Sen. Cory Booker Proposes the Marijuana Justice Act

Senate Foreign Relations Committee member Sen. Cory Booker is currently proposing an off-chance bill to encourage all states in the U.S. to legalize marijuana.

Voters around the nation have legalized differing forms of marijuana, however; Congress has been consistently silent on the issue, which is why Booker’s recent proposal is peaking the interests of so many people. The Democrat’s legislation could possibly end the federal prohibition on marijuana and motivate states to do so as well.

The proposal, named the Marijuana Justice Act, would remove marijuana from the official federal list of Schedule I narcotics, such as heroin, cocaine, and peyote. It would also decrease federal funding from states with superfluous marijuana arrest rates for minority and poor citizens.

Rolling Stone reports that Booker stated on his Facebook Live, “You see these marijuana arrests happening so much in our country, targeting certain communities – poor communities, minority communities – targeting people with an illness.”

Currently, eight states and the District of Columbia have legalized marijuana for recreational purposes. Booker claims that the national is seeing positive results from local policies that are exceeding the federal stillness on the issue.

Criminal justice organizations and marijuana supporters are commending the new proposal because they believe that it changes the conversation on marijuana use.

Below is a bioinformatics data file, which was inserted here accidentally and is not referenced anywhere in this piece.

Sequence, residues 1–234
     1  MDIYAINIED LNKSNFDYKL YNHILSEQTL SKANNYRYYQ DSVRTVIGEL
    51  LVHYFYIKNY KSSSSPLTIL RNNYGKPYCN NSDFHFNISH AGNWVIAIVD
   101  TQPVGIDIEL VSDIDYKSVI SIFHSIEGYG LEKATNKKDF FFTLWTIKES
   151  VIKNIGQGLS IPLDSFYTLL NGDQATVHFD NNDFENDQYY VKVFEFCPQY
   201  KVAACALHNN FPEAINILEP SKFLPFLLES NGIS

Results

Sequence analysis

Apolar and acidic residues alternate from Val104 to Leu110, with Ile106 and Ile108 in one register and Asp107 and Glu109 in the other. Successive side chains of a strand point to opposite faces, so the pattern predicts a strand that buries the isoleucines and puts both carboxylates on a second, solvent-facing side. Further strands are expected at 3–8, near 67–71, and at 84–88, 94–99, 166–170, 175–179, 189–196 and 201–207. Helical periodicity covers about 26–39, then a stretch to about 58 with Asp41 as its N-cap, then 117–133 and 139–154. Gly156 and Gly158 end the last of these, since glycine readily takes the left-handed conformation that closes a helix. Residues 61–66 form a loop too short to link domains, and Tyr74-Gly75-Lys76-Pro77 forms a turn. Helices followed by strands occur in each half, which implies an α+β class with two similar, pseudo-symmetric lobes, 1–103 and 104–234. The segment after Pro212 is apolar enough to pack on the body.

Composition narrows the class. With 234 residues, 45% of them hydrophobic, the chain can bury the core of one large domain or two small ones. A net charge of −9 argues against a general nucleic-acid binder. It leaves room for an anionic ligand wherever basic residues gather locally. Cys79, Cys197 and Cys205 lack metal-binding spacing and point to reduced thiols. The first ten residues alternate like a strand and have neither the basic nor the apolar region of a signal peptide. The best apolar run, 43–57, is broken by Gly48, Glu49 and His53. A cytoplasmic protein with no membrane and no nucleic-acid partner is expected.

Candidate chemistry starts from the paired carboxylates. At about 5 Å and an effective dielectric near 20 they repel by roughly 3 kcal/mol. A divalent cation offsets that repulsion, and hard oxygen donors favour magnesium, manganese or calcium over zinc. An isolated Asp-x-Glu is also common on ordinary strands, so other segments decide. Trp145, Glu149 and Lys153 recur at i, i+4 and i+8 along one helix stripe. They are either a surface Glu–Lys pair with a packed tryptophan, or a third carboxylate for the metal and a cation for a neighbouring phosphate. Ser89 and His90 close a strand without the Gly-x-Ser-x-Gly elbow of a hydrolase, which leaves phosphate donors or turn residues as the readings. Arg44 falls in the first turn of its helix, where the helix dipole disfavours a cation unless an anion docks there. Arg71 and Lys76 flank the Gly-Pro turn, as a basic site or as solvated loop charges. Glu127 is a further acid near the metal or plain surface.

TIME reports that Tom Angell, head of the pro-legalization Marijuana Majority, said in a statement “This is the single most far-reaching marijuana bill that’s ever been filed in either chamber of Congress.”

“More than just getting the federal government out of the way so that states can legalize without DEA harassment, this new proposal goes even further by actually punishing states that have bad marijuana laws.”

Republicans presently control Congress and many members have persistently opposed the legalization of marijuana. Moreover, President Trump selected Attorney General Jeff Sessions, who has continuously made it clear that he plans to increase punishment for marijuana possession and use.

Sessions issued a directive two weeks ago stating that he wanted to increase asset forfeiture, which gives the government the right to seize money and property from those who are accused of a crime without formally charging them.

Asset forfeiture has historically been used to disturb drug cartels. Sessions claims that he would use this method “especially for drug traffickers.”

Booker’s legalization bill still serves as a hopeful indication for marijuana advocates. It reveals the country’s altering views on the substance. CBS News conducted a poll in April and found that 61 percent of Americans believe that marijuana should be legal, 71 percent believe that the federal government shouldn’t interfere with the states who have already legalized the drug, and 88 percent support marijuana’s medical use.

 – Contributed by Devyn Rorie

WHUR Contributor


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